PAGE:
Neonatal jaundice is a common condition in infants and can be treated, although it may require inpatient admission of babies. Learn more about neonatal jaundice.
According to the CDC, jaundice is the yellow appearance of a baby’s skin that is noticeable early on during the first weeks of a baby’s life. Neonatal jaundice develops when the infant has excess bilirubin and is usually not severe early on in its development. Bilirubin is a yellow material that our bodies secrete during the manufacture of red blood cells. However, ignoring it allows it to advance to acute hyperbilirubinemia.
Causes of Neonatal Jaundice
During pregnancy, factors such as differences in mother-child blood groups, premature births or cases of previous infections in siblings cause high bilirubin levels. Infants whose blood group is incompatible with their mothers’ might produce antibodies that ruin their red blood cells, resulting in elevated bilirubin levels.
A baby’s bilirubin pattern is usually high after birth. During the gestation period, the baby excretes waste materials through the placenta. The placenta grows in the mother’s womb for feeding and removing waste materials from the body. Newborn babies no longer rely on the placenta for excretion but instead use the liver. Hence, it might take some time before the body adapts to this transition. Factors such as some drugs, diseases acquired at birth such as syphilis and liver ailments like hepatitis and cystic fibrosis inhibit the removal of bilirubin.
Physiological jaundice follows a pattern where the levels range between five and six milligrams per deciliter on the third day and subsequently subside in the first week. One variation is breastfeeding jaundice, which occurs early in an infant’s life. Breastfeeding the baby with low amounts of milk might bring about this condition. Breastfeeding jaundice can develop even later, although it is rare. This scenario is caused by a substance in the mother’s milk that hinders the liver from breaking down bilirubin.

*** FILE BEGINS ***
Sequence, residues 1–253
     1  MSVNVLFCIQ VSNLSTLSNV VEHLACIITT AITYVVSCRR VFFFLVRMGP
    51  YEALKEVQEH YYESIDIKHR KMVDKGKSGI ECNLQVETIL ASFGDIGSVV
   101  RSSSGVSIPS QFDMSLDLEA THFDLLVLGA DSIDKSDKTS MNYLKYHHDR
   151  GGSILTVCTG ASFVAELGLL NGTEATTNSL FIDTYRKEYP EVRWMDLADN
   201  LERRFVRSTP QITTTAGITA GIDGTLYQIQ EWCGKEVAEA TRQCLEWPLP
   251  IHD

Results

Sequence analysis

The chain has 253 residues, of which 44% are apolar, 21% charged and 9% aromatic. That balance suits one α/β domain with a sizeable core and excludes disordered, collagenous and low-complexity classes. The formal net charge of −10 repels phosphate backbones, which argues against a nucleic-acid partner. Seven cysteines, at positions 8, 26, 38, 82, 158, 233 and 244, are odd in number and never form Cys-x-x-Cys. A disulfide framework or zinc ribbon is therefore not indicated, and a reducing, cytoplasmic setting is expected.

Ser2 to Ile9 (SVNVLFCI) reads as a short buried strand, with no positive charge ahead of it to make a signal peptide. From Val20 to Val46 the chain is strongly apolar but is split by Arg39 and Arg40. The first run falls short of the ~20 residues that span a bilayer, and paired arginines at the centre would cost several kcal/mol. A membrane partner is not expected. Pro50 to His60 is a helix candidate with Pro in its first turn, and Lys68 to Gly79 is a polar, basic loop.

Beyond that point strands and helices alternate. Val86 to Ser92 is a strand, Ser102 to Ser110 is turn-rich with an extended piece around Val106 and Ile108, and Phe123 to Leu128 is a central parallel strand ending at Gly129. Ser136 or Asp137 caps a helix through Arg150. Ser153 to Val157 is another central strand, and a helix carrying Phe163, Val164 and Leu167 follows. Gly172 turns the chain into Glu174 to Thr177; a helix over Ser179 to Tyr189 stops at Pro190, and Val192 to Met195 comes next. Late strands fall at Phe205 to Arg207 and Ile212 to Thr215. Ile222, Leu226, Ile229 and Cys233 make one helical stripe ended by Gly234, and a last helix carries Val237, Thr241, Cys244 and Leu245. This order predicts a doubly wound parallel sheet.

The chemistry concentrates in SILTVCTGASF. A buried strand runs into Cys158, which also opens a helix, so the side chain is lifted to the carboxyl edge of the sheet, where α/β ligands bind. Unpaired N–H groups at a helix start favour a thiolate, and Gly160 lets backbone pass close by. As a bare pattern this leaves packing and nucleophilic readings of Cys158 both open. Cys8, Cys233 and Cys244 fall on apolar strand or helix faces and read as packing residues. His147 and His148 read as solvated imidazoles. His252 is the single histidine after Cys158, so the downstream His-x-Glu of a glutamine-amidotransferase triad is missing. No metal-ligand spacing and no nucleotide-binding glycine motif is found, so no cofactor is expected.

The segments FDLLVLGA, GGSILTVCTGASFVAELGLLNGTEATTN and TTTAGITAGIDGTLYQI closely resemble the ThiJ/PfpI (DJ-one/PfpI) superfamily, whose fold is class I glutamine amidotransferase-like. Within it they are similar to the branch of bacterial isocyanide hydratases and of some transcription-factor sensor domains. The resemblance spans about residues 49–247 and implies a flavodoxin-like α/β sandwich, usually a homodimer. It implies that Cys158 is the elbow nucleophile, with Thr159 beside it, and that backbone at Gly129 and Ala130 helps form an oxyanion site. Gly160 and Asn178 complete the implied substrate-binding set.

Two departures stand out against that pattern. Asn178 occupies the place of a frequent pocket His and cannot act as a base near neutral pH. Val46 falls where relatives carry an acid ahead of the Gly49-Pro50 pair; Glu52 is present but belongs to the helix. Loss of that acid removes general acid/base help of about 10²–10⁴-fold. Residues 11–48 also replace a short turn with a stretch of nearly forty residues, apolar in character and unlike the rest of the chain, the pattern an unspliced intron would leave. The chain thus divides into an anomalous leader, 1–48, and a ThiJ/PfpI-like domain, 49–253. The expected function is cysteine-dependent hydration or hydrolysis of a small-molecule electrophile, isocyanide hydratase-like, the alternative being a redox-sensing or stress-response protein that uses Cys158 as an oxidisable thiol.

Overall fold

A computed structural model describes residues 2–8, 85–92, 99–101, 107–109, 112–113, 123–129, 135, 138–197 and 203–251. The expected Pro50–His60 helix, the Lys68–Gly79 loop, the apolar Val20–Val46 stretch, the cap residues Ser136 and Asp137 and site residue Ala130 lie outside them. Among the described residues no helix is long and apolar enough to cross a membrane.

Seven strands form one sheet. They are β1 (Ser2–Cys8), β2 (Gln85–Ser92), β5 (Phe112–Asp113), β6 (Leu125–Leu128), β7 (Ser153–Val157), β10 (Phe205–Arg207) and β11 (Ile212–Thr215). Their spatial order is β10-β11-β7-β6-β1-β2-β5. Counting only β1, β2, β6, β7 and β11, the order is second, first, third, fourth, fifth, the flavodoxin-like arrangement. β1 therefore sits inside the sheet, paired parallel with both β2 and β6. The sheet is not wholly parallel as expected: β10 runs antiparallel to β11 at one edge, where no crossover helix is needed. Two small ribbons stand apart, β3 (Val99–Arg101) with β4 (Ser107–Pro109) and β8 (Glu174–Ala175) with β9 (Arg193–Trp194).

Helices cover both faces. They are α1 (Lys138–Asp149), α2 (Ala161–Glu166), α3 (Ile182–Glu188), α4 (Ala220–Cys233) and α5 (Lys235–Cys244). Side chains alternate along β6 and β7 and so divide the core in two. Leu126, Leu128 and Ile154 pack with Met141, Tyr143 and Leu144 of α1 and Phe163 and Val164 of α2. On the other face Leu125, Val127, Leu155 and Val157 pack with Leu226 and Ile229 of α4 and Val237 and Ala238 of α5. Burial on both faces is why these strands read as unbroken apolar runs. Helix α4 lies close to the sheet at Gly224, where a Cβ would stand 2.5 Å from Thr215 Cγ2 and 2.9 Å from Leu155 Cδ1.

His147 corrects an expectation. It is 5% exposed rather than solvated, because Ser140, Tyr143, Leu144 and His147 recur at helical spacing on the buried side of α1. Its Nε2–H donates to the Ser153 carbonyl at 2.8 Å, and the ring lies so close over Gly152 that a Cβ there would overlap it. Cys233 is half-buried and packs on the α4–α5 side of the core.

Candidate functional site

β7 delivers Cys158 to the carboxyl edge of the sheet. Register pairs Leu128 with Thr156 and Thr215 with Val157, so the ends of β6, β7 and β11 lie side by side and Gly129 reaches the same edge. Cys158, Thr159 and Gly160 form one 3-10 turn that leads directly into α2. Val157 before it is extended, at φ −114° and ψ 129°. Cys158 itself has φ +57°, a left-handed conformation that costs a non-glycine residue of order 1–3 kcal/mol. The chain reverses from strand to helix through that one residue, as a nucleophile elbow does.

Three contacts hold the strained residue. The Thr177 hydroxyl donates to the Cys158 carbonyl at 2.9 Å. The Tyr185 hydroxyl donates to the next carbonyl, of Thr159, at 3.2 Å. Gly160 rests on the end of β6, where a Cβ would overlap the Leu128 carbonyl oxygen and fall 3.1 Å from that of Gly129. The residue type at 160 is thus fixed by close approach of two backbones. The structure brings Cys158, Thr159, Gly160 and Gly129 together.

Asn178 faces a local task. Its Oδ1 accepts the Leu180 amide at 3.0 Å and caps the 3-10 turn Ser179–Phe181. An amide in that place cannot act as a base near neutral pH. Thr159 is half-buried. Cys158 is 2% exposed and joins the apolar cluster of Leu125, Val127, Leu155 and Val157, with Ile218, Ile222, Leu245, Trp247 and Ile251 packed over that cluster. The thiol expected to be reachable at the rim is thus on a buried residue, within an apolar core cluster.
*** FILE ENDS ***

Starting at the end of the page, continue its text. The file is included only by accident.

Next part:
Pathologic jaundice occurs almost immediately after birth and requires urgent medical care. Therefore, your baby will be treated if doctors detect an increase in your baby’s bilirubin quantities by more than five milligrams per deciliter. This condition is brought about by septic infections, German measles, toxoplasmosis, profound bleeding, sickle cell anemia and high numbers of red blood cells.
The most evident sign of jaundice is the yellow appearance of an infant’s skin. The baby’s white part of the eyes also turns yellow. Under severe cases caused by too much bilirubin, you should seek medical help. Some of the signs prevalent in this state are the skin of your baby becoming intensively yellow, your baby’s arms, legs or abdomen appearing yellow, your baby seeming unenergetic, unwell or unable to keep awake, poor eating habits in your baby, your baby being unable to gain weight and crying loudly for elongated periods.
If bilirubin is left untreated, it may affect the brain, resulting in encephalopathy. Some of its signs include loss of energy, immobility, crying loudly, loss of appetite, body fever and tilting the neck and the body to the back.
How to Deal With It
Hyperbilirubinemia is mainly treated using phototherapy. Phototherapy involves the skin taking in light. The absorbed light acts on the bilirubin, breaking it down to a form that the liver can excrete into urine or stool. Alternatively, you can carry out an exchange transfusion. In this method, a narrow catheter tube draws your baby’s blood and replaces it with blood from a donor from a compatible blood group. This method is highly effective, and babies heal quickly.
Health experts recommend that mothers breastfeed babies on eight to twelve occasions daily to prevent physiological jaundice. Babies fed on formula should consume one to two ounces at two-hour intervals for the first seven days.
When to Seek Medical Help
Nurses and midwives will check your baby for any signs of jaundice within three days of being born during the newborn physical examination.
If your baby develops the signs mentioned in the above section, contact your midwife, pediatrician or clinician for diagnosis. Even though neonatal jaundice is not a cause for stress in most cases, you should assess whether the baby needs medical attention. If you are practicing home-based care, do not hesitate to contact your midwife if symptoms worsen.
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